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Could AM Nighttime IBOC be Delayed by Border Concerns?

Could AM Nighttime IBOC be Delayed by Border Concerns?

Some Canadian broadcasters are worried about potential interference to their analog AM and FM broadcasts along border areas and beyond as more U.S. stations go digital. Radio World reported on this a year ago, saying the Canadian Association of Broadcasters was most concerned with potential interference to FM stations in Toronto, Windsor and Vancouver, markets heavily penetrated by U.S. FM signals.
But after reading the Further Notice in the IBOC proceeding, the CAB and the Canadian Broadcasting Corporation felt it necessary to re-state their concerns in an Aug. 4 letter to the division of the Canadian government that manages and allocates spectrum, Industry Canada.
“We feel that it is necessary for us to stress again the necessity for Industry Canada to notify the FCC that the authorization of AM IBOC transmissions, especially at night, will very likely result in harmful interference to Canadian signals,” say the CAB and CBC in the letter. The CAB and CBC also believe IBOC transmissions have not been factored into current frequency coordination agreements between the two countries; agreements that also govern interference remediation.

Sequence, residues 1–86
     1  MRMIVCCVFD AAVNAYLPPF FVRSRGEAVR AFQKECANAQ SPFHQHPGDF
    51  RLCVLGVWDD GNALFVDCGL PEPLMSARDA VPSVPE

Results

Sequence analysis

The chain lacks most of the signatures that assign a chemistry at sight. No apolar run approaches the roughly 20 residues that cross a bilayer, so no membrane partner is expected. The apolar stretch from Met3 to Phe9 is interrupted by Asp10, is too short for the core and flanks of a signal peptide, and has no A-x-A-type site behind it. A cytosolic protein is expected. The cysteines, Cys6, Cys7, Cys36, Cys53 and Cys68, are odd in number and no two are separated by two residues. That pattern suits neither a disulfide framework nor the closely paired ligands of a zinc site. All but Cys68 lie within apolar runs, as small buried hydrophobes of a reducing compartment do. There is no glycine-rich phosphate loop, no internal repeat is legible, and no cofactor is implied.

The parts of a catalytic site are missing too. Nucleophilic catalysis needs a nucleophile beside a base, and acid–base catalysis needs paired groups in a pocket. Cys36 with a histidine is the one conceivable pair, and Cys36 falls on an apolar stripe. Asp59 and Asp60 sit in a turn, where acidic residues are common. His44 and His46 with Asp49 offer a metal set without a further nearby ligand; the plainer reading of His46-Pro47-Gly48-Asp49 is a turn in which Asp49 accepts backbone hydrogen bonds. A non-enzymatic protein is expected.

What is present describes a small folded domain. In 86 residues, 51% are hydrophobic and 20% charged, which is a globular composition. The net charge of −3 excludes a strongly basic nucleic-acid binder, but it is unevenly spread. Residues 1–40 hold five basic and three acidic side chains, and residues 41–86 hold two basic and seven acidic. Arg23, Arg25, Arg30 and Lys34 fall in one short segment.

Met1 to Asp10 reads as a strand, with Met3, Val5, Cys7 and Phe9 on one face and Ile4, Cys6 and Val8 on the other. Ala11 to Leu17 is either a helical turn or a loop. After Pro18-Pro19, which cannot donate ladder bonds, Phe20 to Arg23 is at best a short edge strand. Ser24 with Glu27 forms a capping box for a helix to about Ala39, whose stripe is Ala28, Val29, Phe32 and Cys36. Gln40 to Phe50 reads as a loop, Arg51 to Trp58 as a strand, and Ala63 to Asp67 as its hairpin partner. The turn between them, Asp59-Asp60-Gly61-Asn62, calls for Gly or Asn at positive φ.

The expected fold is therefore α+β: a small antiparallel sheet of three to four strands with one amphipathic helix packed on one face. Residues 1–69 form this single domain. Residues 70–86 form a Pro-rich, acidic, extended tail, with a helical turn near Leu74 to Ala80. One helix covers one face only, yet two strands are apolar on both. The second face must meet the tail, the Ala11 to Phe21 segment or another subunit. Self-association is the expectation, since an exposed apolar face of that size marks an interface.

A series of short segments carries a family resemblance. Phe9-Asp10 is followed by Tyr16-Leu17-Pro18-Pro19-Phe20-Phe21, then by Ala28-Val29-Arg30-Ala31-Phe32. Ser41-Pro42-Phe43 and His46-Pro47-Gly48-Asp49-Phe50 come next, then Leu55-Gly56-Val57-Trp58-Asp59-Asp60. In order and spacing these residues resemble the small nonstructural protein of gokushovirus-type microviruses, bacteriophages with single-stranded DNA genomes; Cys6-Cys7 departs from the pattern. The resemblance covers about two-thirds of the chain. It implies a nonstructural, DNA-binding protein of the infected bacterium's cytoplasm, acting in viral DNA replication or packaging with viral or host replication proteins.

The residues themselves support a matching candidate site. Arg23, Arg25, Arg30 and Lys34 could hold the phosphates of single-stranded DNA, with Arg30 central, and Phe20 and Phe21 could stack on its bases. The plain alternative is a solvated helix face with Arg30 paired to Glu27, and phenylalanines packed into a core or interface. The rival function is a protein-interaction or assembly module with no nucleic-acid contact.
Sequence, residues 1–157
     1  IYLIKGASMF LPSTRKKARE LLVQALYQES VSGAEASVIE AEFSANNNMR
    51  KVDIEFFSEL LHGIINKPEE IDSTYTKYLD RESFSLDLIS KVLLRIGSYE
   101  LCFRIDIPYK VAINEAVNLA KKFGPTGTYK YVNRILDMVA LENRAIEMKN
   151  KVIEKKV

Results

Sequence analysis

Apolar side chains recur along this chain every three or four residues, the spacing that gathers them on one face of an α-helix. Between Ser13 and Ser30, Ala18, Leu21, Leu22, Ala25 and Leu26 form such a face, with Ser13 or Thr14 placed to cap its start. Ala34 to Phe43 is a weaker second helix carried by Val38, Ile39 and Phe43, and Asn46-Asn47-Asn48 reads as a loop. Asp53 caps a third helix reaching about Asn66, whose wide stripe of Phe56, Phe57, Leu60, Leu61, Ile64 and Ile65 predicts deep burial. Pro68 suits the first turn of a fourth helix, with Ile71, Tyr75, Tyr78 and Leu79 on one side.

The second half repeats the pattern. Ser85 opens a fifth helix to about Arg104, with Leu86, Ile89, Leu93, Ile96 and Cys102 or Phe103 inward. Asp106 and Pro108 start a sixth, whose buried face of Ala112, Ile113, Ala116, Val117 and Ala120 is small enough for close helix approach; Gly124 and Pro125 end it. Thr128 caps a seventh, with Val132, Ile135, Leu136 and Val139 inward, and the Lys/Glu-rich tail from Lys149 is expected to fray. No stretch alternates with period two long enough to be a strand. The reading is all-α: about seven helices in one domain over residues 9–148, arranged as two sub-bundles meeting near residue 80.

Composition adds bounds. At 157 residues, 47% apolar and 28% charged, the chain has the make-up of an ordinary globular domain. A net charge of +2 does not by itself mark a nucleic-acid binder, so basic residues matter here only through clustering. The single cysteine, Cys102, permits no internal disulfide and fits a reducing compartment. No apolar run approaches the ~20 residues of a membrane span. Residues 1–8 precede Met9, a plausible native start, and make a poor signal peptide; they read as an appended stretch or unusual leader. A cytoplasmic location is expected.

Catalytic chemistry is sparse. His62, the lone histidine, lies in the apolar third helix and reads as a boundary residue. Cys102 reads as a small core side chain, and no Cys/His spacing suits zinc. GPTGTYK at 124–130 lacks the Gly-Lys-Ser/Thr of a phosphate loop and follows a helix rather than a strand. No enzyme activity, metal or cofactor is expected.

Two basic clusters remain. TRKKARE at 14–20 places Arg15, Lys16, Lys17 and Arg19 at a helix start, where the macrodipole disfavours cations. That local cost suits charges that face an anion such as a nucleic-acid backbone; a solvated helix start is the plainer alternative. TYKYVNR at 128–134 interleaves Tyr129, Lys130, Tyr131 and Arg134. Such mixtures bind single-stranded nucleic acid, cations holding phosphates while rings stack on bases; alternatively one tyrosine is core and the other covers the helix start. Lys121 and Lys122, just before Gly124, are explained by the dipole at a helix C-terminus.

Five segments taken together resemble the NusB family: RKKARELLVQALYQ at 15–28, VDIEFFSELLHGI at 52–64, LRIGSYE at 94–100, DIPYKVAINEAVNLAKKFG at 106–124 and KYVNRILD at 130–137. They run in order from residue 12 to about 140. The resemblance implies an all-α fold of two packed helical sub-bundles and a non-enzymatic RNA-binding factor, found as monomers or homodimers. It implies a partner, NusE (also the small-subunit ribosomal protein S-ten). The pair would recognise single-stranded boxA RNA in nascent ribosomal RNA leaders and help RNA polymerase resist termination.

Although Canada is using the Eureka-147 technology for digital radio on FM in six markets, it still relies heavily on analog in much of the country. The CBC says its AM transmitters are especially important in the Western and Atlantic provinces, “where single transmitters cover extensive areas that may be province-wide.”
Although the FCC states in the Further Notice that such international issues are important, the two Canadian groups don’t believe the U.S. is thinking about them early enough in the authorization process.
When RW Online asked Ibiquity for a reaction, COO Jeff Jury said, “We are aware of the comments made regarding the potential for IBOC to cause interference to Canadian broadcasts. Our understanding is that the FCC is working with the Canadian government to answer their questions and resolve their concerns. We are confidant that any concerns in Canada can be addressed and that these issues will not delay the rollout of HD Radio in the U.S.”